However, the majority of those situations are easily and most likely based on luck. Did Don “make his own opportunity” by taking a job at the fur store that Roger Sterling happened to use as the place to buy his red-haired mistress a “getting to know you” gift? Was it “opportunity” that Dick enlisted in the Korean War, was clumsy and then accidentally blew up the real Don Draper?

Most of Don’s success is based on luck and Roger’s landing of the Chevy account as deus ex machina is just another example. Meanwhile, Don’s decisions affect the fates of those around him. Pete and Joan discuss the fact that Don doesn’t even care about money, but his decision to fire Jaguar costs the company the chance at the IPO and costs Joan the chance to have a stake in the company worth a little over one million dollars—a sum that (along with some alcohol) makes her blush. It also takes away whatever remaining dignity she had in the wake of her rendezvous with Herb from Jaguar in “The Other Woman.” And she certainly lets him know it in one of the episode’s best scenes and one of Joan’s most powerful moments in the entire run of the series.

Don’s decision also costs Pete a chance to make another claim in his ongoing quest to be MVP of the agency. However, Pete ends up costing himself when he celebrates at the whorehouse and runs into his father-in-law. I’m not trying to be a prude (to each his own), but that was an “opportunity” that Pete could have avoided. There’s no way he could have known that he would see his father-in-law, but that chance could have been taken away if Pete elected not to go to the whorehouse to celebrate—luck swung poorly for him. And, then, Pete compounds his bad luck with another bad decision when he tells Trudy about her father being in with the “Negro prostitute*.” As Trudy tells Pete, “You’ve made plenty of choices, Peter.” And she’s right. Pete has had his chances—he’s always wanted to be Don, but he just seems to make the more destructive decision (even moreso than Don) and, for the most part, he just doesn’t seem to have luck on his side.

(*Editor’s Note: You have to love Pete accusing Harry of being a racist just last week and then relishing the opportunity to rub the fact that Trudy’s father was using an African American prostitute in Trudy’s face.)

Meanwhile, Peggy may be the unluckiest character in the Mad Men universe. If anyone on the show has truly made her own opportunities, it’s been Peggy. She never slept with Don, she was loyal to Freddy Rumsen when he pissed himself and only begrudgingly accepted her promotion when he was put on leave. She endured hours of abuse and transcendent, subtle moments of drunken bonding with Don and even then had to be pushed by Freddy Rumsen to “make her own opportunity” in negotiating for a new position at CGC. And now, because of Don and Ted’s decision to merge in order to land the Chevy account, it’s as if all her progress has been wiped away. Though, Peggy subtly wishes for that when she tells Abe, in their newly-bought, run-down Upper West Side apartment: “I don’t like change. I want everything to stay the same.”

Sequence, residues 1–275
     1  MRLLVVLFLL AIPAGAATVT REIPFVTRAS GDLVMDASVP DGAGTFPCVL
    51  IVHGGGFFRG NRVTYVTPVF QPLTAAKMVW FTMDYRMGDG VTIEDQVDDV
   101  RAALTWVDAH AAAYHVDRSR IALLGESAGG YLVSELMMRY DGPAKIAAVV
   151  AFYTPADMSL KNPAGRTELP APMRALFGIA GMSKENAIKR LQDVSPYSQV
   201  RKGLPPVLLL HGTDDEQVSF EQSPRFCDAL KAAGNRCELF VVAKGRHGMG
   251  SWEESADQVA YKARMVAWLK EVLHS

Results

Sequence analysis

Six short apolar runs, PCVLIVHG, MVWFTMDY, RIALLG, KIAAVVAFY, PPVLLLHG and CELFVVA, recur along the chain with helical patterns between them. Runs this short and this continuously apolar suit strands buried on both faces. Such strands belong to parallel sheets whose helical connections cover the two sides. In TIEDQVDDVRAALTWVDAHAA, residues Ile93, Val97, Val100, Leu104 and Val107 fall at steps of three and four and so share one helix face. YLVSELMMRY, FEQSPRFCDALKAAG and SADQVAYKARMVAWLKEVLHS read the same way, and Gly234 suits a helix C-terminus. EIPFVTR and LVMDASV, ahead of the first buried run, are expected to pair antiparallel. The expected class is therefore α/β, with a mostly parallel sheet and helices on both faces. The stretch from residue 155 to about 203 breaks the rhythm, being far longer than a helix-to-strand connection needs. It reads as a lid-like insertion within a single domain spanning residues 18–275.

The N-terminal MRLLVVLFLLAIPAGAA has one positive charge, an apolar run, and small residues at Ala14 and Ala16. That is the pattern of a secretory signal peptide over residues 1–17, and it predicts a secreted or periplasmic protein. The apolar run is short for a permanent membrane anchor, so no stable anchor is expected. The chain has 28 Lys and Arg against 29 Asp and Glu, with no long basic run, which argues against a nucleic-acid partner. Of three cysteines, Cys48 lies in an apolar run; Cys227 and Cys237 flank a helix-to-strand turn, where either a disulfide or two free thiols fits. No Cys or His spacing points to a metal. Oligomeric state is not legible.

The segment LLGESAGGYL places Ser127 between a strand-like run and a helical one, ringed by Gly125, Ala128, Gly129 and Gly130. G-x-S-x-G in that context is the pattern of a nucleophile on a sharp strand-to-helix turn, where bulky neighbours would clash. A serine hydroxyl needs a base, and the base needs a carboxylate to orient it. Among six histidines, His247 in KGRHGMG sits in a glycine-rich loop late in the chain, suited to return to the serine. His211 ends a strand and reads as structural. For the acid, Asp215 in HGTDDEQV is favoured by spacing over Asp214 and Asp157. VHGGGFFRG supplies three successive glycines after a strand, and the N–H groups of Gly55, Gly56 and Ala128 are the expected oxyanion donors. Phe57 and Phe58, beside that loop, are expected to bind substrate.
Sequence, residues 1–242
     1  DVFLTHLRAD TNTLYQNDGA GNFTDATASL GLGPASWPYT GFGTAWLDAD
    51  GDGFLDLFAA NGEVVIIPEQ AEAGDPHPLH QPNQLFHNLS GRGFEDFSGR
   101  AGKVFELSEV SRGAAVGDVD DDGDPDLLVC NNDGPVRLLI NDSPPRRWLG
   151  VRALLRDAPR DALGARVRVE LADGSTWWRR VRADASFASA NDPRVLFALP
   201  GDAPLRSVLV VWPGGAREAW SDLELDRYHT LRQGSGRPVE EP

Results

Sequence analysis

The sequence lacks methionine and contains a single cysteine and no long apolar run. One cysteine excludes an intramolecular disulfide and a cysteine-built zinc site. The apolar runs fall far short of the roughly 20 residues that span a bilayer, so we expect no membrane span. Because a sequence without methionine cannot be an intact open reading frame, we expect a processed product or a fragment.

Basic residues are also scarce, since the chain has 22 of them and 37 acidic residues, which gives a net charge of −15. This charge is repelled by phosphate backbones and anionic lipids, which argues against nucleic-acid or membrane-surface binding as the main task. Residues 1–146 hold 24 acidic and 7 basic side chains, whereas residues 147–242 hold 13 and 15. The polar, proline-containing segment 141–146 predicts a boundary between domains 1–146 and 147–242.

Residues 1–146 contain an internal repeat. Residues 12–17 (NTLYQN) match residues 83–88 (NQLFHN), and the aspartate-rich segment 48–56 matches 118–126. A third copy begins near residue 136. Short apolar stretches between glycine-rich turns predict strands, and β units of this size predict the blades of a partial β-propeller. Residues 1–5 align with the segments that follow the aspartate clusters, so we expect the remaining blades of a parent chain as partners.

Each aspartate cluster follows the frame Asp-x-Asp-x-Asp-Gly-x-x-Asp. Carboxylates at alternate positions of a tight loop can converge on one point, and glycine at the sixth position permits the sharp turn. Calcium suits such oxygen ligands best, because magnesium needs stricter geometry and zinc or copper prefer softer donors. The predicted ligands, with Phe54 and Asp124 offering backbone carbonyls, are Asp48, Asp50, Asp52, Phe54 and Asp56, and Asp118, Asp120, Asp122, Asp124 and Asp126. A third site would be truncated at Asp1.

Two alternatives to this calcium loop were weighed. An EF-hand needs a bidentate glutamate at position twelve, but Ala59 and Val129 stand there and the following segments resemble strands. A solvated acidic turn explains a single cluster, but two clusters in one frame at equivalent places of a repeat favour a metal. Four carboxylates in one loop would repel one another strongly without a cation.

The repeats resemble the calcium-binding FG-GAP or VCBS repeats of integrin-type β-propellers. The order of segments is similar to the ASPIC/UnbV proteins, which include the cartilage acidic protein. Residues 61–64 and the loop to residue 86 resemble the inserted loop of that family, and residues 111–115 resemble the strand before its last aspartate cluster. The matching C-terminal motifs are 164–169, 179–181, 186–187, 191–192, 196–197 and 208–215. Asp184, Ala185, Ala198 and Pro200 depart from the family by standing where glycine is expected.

In the end, fate and opportunity come down to something approximating what Joan says about Don, “because we’re all just rooting you from the sidelines, hoping what you decide is best for our lives.” There are lots of times in life when it seems as though someone else is deciding what is best for us, that no matter how hard we try to “make our own opportunities” that, as Don says, “this game is rigged.” You can work as hard as you want and it can all come to nothing; you can go out with a crazy 22-year old Swede and find out that she is cheating on you and possibly for money; and then a tree branch can fall on your back, almost putting you in a hospital.

You can’t regret those decisions, those “opportunities” you made for yourself. All you can do is learn from them, and realize that most of the time things can be a whole lot worse. There’s always going to be someone else, someone far away, someone nearby, someone with less power than you or someone with more power than you making decisions as well—and there’s a chance that somewhere along the line those decisions can affect you too; change or destroy your own “opportunities,” the things you worked to make for yourself.

So, perhaps, its best to be like Abe and try to make the best of the crappy Upper West Side apartment you’ve just bought, instead of being like Peggy and fantasizing over your boss, wearing a smoking robe and reading Something by Ralph Waldo Emerson.